D

Mix Greens from Don's Produce in Arena.
Don's parents began operating a roadside market in the Arena area in the early 1960s. Don then followed suit and began his own business in 1971, while he was still in high school. Today, Don's Produce operates a hydroponic greenhouse that grows a variety of vegetables including tomatoes, potatoes, sweet corn, radishes, spinach, and onions. Don's produce is available at the Westside Community Market on Saturdays from 7 a.m. to 1 p.m and at the Wednesday and Saturday Dane County Farmers Markets.

 

 

Beets & Potatoes from Driftless Organics in Soldiers Grove
Joshua and Noah Engel are certified organic growers who produce marvelous potatoes, among other crops. Their potatoes are frequently on our menus for L'Etoile and Graze and you can find their produce at the Dane County Farmers Market on Saturdays.

 

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Apples & Pears from Ela Orchard in Rochester.
In 1920 Bob Willard's grandfather bought the land that is currently home to Ela Orchard. In 1978 he and his cousin Edwin became official active partners –the 3rd generation working this particular piece of land. Edwin and his family still live and work in the orchard as does Bob’s wife, Jane and his two children. There are apple trees at Ela Orchard that were planted in the 1940’s and are still producing. Currently, there are 20 acres of apples with 1200 trees producing 35 different varieties of apples and a few different kinds of pears, including the coveted Moonglow Pear. Apple varieties range from the older Snows and Russets to “standards” such as Red and Golden Delicious to newer scab-resistant varieties like the Gala, Liberty, and Jonafree. Ela Orchard often picks the apples later in the season than most orchards, increasing the flavor of the apples.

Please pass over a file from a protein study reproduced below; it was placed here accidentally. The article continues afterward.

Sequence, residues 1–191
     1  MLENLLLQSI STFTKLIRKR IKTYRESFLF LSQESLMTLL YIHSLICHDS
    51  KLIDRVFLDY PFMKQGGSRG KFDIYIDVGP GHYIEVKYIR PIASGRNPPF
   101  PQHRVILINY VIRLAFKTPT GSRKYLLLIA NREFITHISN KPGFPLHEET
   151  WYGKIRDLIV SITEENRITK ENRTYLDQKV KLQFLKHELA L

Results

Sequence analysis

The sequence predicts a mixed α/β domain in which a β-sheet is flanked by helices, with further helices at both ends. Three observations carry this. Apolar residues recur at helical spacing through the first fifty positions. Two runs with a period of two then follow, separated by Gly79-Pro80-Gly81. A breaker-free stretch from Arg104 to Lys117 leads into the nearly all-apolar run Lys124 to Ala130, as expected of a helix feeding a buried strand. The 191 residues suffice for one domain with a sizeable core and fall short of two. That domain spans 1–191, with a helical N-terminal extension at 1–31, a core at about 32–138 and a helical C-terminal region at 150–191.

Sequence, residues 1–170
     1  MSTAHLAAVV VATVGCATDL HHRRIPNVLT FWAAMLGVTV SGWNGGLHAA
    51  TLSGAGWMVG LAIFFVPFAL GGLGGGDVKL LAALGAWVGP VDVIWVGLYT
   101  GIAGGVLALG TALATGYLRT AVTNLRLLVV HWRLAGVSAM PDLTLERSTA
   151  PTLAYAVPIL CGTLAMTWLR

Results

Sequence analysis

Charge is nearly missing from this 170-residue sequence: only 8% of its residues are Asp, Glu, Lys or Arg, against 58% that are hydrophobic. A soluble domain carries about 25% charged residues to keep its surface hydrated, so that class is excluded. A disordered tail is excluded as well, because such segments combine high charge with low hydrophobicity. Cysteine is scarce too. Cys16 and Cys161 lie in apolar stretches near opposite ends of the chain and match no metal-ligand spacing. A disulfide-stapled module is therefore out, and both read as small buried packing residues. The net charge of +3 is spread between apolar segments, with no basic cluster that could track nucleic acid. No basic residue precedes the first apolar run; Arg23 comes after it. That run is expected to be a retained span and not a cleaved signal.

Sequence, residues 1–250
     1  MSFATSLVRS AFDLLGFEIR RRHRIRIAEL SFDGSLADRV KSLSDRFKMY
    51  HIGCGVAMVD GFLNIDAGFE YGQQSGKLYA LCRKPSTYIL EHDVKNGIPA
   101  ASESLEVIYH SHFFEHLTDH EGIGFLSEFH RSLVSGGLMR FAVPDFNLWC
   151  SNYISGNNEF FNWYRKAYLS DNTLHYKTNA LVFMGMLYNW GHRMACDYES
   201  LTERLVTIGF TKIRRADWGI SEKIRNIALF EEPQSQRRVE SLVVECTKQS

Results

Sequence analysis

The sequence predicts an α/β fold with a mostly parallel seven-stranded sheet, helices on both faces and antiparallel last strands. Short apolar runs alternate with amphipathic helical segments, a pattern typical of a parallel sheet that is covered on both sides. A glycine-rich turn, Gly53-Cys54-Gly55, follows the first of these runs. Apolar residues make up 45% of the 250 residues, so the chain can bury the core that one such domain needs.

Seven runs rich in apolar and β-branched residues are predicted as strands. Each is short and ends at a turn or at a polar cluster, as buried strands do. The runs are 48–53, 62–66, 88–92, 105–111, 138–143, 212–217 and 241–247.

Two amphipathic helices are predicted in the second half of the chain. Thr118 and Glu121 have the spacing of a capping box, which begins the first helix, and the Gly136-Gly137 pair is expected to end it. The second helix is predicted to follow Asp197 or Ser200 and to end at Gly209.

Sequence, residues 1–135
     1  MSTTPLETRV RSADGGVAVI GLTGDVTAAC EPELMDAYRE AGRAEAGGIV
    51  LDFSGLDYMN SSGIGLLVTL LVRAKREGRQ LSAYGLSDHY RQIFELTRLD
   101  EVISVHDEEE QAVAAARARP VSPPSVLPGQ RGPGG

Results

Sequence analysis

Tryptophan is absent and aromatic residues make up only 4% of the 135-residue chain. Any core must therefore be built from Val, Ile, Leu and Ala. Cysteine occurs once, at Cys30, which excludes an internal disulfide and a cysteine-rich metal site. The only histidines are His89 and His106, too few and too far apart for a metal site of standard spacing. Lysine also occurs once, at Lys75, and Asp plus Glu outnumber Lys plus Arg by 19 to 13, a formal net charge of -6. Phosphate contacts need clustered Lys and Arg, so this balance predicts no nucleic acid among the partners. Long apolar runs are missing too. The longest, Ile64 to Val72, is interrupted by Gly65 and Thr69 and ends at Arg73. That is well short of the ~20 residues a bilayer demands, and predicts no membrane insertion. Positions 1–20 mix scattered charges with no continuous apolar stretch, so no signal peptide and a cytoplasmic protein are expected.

Organic Produce from Elderberry Hill Farm in Waunakee

Started in 2011, Elderberry Hill Farm in Waunakee is part of a new generation of farms focused on improving our local food system. Farmer, Eric Elderbrock has a firm dedication to sustainable farming, one, which we can relate. Our menu has highlighted many of their vegetables including cauliflower, fava beans, zucchini, and most recently eggplant. 

 

F

Highland Beef, naturally–raised at Fountain Prairie Farm in Fall River.